The Face of the Ash

in 19th Busan International Film Festival

by Taesik John Park

There was a wedding party in a small village. It was a beautiful traditional party and the people enjoyed themselves in their own ways. Then a car came slowly from a distance into the village. We can see a coffin over the car and the soldier who brought the coffin to this village gave the village elder, Abdulrahman, notice of nephew’s death. The film is The Face of the Ash and it begins with the happiest day of the young couple’s life before it becomes a tragic day.

The background of this film is the Iran-Iraq war in the 1980s. As Abdulrahman should be preparing the funeral of his nephew, the coffin is opened and inside he finds something wrong with the dead body – the man who is lying in the coffin is not circumcised. The dead body maybe belongs to Noiell’s family, the only Christian family in the village. It is from this moment on that the code of comedy and farce is added to Shakkwan Idrees’ film.

With the combination of these two related concepts of tragedy and comedy, the director wants to tell the audience what the real war is. Some say war is not only an issue for the nation, it is also the issue for the parents. No, it is not correct. The main victim of the war is the family itself. The parents are always curious about their boy who is in between life and death on the battlefield and they are waiting for the news from the boy. But how irresponsible are the parents? How can we find laughter in this serious situation, in the core of the war?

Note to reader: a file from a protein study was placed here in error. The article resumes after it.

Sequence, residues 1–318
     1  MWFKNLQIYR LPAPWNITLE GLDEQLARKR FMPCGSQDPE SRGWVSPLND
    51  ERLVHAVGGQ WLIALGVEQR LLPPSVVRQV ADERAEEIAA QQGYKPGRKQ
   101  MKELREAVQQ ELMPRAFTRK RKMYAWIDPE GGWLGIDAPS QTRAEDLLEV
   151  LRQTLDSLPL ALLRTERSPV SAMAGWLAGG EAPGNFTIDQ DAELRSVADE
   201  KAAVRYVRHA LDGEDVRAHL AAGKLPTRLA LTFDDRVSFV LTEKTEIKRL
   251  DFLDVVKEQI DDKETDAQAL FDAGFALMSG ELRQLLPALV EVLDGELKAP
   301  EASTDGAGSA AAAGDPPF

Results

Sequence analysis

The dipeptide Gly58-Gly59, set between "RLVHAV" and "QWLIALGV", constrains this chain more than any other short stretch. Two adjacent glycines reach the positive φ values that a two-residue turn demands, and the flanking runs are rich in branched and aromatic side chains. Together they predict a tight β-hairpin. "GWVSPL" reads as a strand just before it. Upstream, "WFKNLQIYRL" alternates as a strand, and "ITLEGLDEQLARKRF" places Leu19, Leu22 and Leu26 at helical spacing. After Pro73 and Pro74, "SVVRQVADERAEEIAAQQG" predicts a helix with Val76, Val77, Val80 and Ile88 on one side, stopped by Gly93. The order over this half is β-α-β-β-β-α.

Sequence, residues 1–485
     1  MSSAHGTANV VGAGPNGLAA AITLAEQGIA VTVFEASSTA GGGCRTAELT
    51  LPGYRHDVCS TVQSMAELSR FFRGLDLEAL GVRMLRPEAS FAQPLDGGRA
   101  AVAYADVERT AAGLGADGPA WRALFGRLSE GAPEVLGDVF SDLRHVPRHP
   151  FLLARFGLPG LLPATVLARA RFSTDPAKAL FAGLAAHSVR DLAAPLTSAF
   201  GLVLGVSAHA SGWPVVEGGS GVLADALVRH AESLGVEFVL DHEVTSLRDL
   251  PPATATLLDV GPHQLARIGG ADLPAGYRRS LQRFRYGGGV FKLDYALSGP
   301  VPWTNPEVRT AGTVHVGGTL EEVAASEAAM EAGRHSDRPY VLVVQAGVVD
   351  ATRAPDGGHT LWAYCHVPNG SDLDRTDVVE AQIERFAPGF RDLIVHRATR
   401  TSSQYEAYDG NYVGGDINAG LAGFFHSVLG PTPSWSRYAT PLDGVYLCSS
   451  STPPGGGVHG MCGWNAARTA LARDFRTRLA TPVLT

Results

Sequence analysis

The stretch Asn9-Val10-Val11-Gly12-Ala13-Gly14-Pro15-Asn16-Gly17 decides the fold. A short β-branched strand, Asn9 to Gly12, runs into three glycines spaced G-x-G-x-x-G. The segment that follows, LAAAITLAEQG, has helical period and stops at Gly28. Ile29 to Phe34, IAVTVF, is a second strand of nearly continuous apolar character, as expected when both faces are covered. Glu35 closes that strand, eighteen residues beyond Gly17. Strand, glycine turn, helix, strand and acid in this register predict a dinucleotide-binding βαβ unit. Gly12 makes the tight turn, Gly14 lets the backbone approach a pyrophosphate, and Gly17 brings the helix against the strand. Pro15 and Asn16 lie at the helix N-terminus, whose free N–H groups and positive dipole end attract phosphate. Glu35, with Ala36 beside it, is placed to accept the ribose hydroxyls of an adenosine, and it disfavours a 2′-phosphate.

The director tells us it is possible if we understand each other deeply and have sympathy. Meanwhile the coffin is misplaced and nobody knows what will happen next. The tension is ongoing and they really need laughter to make things move on. The religious confrontation is not the exception. If there is a big problem between two religions, hatred is not the solution, only understanding and sympathy will lead them to peace.

Violence and conflict still exist in Iraq, but the film leaves us with the message of harmony between enemies and religions, and finally between human beings. The making of this film is not fully satisfying, so to say, not that sophisticated. But The Face of the Ash is the first feature film of this director, so I expect more from his coming movies.

The Face of the Ash is an entry of the 19th Busan International Film Festival. As one of the jurors in the New Currents category, I focused on twelve films from ten countries presented by young directors, most of whom were only on their first or second film and it was a wonderful experience for me to smell the fresh air from these films. The Face of the Ash was not chosen as the best film but it made a favorable impression. If the Busan International Film Festival keeps giving chances to young directors in this way, it will be a place of challenge. I have found hope here, in Busan.

Edited by Glenn Dunks